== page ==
A language family of the north-eastern United States and adjoining Canada, including the Mohawk, Seneca (Mingo), Onondaga, Cayuga, Oneida, Wyandot, Tuscarora, Huron, and Cherokee languages. The Cherokees of course were later asked to move along there. Only Cherokee and Mohawk have a large number of speakers.

Sometimes grouped with the Sioux languages in a Macro-Siouan family.

A phonetic oddity is that they seem to have no P sound.

Ir`o*quoi"an (ir`O*kwoi"an), a.

Of, pertaining to, or designating, one of the principal linguistic stocks of the North American Indians. The territory of the northern Iroquoian tribes, of whom the Five Nations, or Iroquois proper, were the chief, extended from the shores of the St. Lawrence and of Lakes Huron, Ontario, and Erie south, through eastern Pennsylvania, to Maryland; that of the southern tribes, of whom the Cherokees were chief, formed part of Virginia, the Carolinas, Georgia, Tennessee, and Kentucky. All of the tribes were agricultural, and they were noted for large, communal houses, palisaded towns, and ability to organize, as well as for skill in war. -- n.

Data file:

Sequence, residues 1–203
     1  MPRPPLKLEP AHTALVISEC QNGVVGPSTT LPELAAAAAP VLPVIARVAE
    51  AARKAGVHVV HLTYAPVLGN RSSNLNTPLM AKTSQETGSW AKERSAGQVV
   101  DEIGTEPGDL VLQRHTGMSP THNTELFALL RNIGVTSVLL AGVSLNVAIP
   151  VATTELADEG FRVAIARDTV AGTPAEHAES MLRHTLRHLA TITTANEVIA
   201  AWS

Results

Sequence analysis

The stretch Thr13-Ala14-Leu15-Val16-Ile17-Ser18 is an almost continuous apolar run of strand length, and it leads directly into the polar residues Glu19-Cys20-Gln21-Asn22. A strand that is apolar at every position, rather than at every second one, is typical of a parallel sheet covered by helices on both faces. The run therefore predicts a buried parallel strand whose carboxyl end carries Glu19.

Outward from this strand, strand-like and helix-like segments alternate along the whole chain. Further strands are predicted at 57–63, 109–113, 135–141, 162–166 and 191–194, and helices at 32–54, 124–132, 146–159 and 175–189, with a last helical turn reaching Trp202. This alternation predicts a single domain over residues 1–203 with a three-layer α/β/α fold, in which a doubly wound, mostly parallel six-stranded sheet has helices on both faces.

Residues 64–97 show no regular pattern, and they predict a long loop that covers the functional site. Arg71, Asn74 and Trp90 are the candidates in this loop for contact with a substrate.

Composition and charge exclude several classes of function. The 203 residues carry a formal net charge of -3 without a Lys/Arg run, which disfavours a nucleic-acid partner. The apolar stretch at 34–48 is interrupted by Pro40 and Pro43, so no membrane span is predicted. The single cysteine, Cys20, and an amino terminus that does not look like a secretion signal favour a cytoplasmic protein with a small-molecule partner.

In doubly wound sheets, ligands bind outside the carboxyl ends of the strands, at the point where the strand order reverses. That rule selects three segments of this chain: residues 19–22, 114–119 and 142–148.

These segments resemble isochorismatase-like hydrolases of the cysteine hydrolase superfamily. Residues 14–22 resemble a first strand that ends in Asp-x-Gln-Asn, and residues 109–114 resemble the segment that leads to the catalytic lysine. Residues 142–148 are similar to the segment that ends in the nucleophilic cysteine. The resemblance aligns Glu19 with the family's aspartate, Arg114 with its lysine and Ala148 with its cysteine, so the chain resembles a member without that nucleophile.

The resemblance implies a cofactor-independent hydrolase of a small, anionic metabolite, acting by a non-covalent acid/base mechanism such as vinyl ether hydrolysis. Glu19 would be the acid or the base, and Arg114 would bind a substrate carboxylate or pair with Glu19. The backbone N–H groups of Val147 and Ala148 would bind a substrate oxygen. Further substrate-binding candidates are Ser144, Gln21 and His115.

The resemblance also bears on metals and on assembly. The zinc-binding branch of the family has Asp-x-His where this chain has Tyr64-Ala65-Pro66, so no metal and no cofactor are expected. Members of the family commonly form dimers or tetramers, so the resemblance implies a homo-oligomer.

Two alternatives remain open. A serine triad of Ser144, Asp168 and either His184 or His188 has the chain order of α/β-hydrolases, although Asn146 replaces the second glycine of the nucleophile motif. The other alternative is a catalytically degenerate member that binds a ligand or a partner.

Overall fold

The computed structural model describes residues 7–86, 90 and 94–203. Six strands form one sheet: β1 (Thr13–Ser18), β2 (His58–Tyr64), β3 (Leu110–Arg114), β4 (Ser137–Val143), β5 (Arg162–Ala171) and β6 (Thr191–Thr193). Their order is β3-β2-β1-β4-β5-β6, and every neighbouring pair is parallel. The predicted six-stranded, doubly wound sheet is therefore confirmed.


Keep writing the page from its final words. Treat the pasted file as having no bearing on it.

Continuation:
An Indian of an Iroquoian tribe.


© Webster 1913

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